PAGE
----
Kenya: Among the Top Logistics Destinations

NAIROBI (HAN) January 30, 2016 – Public Diplomacy and Regional Stability Initiatives News. Kenya and Tanzania are among the top nine countries in sub-Saharan Africa preferred for investments in the logistics market over the next five years.

However, substandard infrastructure, corruption, terrorism and poor linkages across the region could pose a challenge to the growth of the region’s logistics market.

The Agility Emerging Markets Logistics Index report, released last week, states that of the 1,200 supply chain and logistics executives interviewed worldwide, 15 per cent identified Kenya and 7.8 per cent chose Tanzania as their top preferred destinations in sub-Saharan Africa.

The two countries were ranked at position three and six respectively. South Africa was ranked top and Nigeria second, with a 26 per cent and a 17.5 per cent potential respectively.

The report shows that poor infrastructure, government instability and corruption remain the top risk factors in sub-Saharan Africa, according to 69.8 per cent of the respondents.

Some 33.7 per cent cite poor infrastructure and the lack of physical connectedness as the main risk to supply chain operations in the region; 11.1 per cent cited terrorism as a hindrance, especially in the case of Kenya and Nigeria.

Oil and gas discoveries, the growing middle class and mineral and resource demand were the top three reasons given by investors for their interest in Africa’s logistics’ market.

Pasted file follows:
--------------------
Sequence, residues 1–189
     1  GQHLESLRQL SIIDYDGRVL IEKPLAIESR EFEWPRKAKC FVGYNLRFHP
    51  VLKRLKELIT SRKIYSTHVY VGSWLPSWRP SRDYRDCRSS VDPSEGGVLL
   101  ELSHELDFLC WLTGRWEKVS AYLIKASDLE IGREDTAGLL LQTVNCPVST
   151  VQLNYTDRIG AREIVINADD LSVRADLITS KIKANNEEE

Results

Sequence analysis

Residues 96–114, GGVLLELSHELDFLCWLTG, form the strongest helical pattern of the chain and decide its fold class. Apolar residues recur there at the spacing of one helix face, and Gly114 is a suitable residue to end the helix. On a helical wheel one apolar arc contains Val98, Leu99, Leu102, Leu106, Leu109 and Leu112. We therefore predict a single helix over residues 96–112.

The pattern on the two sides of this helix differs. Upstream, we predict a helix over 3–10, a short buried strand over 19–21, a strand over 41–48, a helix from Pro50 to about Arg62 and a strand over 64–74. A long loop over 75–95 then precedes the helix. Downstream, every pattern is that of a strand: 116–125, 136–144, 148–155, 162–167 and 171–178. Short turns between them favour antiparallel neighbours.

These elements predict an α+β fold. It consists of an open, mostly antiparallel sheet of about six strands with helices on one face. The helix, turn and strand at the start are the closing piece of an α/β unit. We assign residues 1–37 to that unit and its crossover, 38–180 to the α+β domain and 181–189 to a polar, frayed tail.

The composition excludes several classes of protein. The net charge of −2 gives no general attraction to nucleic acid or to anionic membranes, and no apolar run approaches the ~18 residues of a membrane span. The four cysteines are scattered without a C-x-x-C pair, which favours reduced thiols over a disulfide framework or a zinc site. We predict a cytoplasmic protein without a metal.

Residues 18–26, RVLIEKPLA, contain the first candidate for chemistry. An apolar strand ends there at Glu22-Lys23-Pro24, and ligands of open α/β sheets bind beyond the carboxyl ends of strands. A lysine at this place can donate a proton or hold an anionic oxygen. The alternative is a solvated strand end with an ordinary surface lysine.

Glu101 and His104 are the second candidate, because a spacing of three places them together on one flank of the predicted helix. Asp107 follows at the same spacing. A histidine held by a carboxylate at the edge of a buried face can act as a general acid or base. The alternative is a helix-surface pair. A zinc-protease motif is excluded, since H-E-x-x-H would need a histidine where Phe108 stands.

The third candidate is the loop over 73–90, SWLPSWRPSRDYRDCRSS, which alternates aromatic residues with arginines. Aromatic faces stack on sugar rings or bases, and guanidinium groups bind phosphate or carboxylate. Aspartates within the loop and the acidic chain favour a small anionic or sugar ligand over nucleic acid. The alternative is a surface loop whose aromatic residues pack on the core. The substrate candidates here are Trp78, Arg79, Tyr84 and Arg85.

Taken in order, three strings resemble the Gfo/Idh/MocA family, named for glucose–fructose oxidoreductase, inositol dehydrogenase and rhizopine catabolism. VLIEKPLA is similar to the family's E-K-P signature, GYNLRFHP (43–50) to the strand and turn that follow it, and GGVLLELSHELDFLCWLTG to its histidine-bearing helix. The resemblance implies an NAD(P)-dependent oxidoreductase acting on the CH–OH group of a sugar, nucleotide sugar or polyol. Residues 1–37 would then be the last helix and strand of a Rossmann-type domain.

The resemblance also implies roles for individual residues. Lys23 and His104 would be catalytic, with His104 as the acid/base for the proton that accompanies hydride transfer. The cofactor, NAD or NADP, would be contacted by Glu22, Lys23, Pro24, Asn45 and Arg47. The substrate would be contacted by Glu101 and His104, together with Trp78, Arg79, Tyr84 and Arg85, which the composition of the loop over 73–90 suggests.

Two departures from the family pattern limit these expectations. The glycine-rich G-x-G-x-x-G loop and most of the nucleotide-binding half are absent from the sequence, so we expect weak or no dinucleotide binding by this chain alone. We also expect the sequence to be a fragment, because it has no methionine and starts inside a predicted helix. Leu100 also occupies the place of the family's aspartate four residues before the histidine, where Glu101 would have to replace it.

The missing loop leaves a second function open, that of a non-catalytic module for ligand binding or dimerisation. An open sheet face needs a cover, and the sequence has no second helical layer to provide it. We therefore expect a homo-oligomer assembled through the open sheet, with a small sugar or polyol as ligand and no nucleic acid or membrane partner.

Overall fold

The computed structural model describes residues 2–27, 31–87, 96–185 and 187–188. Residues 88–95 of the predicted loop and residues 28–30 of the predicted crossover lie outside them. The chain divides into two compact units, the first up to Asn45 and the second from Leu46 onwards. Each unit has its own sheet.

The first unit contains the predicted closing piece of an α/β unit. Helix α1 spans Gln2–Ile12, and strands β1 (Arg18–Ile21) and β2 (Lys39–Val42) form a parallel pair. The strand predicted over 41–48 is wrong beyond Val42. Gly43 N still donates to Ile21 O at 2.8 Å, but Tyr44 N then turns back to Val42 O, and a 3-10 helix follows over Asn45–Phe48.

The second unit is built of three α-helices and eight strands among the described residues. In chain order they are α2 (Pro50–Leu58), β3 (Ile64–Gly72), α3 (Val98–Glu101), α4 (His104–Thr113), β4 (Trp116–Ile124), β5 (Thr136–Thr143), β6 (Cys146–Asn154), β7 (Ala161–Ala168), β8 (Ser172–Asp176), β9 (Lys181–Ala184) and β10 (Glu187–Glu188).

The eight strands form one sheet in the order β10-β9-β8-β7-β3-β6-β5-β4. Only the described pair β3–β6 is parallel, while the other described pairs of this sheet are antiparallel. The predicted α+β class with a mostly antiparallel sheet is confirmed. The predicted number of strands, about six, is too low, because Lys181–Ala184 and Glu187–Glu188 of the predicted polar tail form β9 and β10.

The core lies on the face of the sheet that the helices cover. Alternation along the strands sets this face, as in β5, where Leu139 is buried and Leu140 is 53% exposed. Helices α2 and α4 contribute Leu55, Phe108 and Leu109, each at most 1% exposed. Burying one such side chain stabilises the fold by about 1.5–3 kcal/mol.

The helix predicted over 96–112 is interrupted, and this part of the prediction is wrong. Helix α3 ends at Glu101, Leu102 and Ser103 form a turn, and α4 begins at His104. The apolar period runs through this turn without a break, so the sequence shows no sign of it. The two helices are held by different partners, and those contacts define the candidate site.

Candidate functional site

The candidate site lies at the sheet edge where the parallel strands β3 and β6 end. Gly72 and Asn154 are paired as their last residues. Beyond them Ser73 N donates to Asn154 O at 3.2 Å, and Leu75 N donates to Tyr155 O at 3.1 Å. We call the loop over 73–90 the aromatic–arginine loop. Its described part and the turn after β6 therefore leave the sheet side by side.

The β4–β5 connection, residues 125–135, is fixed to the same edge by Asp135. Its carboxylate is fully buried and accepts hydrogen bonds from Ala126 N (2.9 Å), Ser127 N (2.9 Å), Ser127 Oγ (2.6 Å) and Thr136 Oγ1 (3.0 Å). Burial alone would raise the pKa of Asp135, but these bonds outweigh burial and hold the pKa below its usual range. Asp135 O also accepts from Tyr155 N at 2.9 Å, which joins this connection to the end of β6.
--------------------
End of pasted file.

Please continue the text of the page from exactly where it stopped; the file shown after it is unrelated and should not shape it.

Investors in the logistics industry said the challenges in the report are being addressed.

The $3.27 billion standard gauge railway from Mombasa to Nairobi is set to be completed by 2017.

“The railways system has been neglected for over 100 years, and the roads are too narrow to enable fast cargo movement from the ports in Kenya and Tanzania to various countries in the region. We require a dual carriageway between Mombasa and Kampala,” said Meshack Kipturgo, the managing director of Siginon.

Bagamoyo port, to be constructed at an estimated cost of $11 billion, will have the capacity to handle 20 million containers per year, compared with Dar es Salaam’s installed capacity of 500,000 containers.

For improved process automation, Kenya, Rwanda and Uganda last week announced that they will monitor cargo movement on a single electronic platform, and clear cargo only once at Kenya’s Kilindini port.

Source: theeastafrican




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